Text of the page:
I agree with pretty much everything you said regarding Wikipedia, but I do think it's worth noting that the articles related to the Latin language aren't just "on Latin literature and culture", but on aspects of the language itself. There are separate articles, for instance, on Latin grammar, Latin declension, and Latin conjugation, History of Latin, Latin spelling and pronunciation, and more, which (as near as I can tell) don't have counterparts for Klingon. Thus, I don't think you're quite right when you say, "But as things stand, it can truly be said that slightly more has been written on the Klingon language than the Latin language in Wikipedia." Klingon may have the longer main page, but that's very nearly the extent of Wikipedia's information on the topic, whereas in the case of Latin, there are subpages that go into some detail.

My point, of course, is purely factual. I do not think Wikipedia is made better by an increase of it's Latin-information-to-Klingon-information ratio. If anything, I'd say that it's contributions on the Klingon language are sorely lacking; if you think about, a constructed language that was designed to sound as alien as possible, and that was built to reflect the culture and values of a fictional race of space-faring warriors, yet that some actual Earth-bound human beings apparently still manage to (and choose to) hold mundane conversations in, is a pretty fascinating topic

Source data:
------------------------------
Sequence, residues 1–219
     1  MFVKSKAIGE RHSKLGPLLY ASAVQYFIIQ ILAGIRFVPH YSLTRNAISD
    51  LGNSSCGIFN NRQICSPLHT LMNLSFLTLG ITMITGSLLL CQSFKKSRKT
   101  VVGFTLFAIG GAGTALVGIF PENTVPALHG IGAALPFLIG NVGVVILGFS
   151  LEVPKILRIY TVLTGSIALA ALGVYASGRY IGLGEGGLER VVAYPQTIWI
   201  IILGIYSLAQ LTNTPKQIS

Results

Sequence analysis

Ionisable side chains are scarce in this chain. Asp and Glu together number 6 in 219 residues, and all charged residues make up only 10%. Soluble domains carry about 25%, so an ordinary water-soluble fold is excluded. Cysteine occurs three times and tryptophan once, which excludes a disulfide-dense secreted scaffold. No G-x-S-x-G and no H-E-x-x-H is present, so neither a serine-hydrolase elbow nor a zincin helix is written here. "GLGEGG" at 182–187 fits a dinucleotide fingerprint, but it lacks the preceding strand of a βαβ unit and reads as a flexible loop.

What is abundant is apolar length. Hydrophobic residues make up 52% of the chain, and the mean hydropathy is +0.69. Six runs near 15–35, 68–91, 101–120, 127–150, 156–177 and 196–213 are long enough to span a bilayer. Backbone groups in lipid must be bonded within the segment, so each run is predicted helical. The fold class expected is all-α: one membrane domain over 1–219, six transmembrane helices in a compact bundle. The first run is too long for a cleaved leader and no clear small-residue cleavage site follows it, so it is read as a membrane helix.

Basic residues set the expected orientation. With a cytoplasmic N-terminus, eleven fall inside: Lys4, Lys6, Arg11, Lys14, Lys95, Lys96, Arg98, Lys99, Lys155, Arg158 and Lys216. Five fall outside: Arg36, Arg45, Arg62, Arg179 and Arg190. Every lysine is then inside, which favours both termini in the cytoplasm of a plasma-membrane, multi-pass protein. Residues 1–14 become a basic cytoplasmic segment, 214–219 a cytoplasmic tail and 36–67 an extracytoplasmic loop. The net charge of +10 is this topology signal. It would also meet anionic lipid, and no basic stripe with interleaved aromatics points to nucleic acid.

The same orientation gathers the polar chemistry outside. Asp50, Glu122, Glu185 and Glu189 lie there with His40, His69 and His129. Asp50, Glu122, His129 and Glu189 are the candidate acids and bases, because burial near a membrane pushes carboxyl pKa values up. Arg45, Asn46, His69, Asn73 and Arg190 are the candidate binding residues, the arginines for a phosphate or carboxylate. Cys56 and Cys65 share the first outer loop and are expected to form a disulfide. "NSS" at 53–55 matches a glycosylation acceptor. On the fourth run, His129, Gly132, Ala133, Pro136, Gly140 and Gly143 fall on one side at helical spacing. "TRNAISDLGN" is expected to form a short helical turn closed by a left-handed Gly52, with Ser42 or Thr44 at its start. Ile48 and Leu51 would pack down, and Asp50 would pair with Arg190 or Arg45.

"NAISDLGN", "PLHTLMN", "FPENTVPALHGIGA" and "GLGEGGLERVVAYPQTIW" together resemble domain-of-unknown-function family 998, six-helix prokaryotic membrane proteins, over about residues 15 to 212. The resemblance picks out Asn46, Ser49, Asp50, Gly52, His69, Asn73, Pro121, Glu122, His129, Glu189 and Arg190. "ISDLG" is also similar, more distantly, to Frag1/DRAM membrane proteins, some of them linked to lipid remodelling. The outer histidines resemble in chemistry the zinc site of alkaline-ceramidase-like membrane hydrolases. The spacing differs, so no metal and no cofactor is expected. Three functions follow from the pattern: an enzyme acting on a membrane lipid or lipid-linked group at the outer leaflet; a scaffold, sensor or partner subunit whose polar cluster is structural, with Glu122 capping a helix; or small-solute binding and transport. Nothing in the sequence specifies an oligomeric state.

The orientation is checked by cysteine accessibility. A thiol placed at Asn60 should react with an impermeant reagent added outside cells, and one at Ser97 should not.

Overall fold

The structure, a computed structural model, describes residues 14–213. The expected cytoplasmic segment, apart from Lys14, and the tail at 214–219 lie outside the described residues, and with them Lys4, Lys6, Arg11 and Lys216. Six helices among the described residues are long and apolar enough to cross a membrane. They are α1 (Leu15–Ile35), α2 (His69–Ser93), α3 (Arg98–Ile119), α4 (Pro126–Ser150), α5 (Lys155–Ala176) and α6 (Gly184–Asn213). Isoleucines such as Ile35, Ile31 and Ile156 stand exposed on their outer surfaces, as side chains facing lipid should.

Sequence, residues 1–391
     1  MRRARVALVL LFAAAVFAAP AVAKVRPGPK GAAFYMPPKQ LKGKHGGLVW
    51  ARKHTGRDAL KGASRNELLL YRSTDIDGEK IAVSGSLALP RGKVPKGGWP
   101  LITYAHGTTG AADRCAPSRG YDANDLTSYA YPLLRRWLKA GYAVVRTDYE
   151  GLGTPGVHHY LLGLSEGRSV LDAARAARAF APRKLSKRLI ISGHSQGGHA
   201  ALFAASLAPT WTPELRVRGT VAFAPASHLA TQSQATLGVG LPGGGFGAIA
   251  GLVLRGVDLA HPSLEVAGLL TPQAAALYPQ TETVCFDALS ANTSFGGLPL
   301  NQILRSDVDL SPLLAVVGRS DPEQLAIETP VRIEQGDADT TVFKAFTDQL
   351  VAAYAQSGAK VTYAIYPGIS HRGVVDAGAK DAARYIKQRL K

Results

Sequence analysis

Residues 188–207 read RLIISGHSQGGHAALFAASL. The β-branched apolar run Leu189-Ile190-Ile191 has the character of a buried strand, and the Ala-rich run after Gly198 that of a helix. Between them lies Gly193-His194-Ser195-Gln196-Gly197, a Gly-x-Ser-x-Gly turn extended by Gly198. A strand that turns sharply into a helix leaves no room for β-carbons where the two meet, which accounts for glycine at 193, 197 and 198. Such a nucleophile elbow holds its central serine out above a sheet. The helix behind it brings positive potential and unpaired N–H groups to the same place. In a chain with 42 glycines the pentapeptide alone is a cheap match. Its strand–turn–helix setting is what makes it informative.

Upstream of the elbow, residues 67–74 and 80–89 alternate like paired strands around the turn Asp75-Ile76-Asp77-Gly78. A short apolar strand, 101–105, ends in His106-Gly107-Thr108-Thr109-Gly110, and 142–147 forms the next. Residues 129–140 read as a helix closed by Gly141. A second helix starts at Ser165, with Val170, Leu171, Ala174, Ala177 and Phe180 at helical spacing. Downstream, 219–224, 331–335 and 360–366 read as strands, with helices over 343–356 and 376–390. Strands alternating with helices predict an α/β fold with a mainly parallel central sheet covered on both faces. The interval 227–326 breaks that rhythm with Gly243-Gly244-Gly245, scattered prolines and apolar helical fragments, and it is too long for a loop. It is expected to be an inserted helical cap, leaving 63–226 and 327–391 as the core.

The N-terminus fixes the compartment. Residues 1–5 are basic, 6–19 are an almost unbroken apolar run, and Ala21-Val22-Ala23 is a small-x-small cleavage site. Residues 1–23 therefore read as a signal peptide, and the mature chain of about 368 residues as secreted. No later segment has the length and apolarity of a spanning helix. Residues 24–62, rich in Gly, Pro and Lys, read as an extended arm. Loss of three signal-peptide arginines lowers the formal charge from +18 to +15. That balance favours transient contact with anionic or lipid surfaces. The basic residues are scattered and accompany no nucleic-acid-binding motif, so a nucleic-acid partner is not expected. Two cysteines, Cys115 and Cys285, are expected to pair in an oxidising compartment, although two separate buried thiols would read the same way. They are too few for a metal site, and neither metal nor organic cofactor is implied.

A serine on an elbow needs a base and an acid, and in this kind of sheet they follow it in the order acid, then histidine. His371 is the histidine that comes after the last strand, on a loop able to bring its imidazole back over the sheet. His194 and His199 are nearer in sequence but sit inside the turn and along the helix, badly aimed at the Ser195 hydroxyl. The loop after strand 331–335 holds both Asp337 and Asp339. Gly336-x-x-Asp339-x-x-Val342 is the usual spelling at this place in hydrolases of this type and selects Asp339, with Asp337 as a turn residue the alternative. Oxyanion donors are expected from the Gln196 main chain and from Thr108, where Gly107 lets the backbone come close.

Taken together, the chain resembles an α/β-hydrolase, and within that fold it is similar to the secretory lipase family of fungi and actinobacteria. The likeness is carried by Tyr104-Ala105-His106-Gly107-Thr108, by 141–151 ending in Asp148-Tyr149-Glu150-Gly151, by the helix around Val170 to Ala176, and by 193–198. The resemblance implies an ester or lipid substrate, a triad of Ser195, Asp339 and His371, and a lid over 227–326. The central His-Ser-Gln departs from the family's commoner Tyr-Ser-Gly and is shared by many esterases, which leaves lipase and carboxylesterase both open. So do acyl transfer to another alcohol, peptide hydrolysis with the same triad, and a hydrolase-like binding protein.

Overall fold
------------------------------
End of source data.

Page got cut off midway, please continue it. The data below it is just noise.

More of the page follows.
Eli Bishop has made very similar points. He notes that "Comparing the lengths of Wikipedia articles is even trickier than you suggested. Whenever an article threatens to become unmanageably long, it is almost always broken up into smaller articles, and the main article becomes merely a summary. ... So any measure of just the main article's length is meaningless; certainly it's far from the case that "at this point in [Wikipedia's] evolution, the Klingon hobbyists seem to have posted slightly more than the classicists." It's quite clear that he is right, which makes Professor Brabazon's wiki rage much sillier. As always, I am too generous. It is an oft-noted fault of mine.

Posted by Geoffrey K. Pullum at March 21, 2008 10:09 AM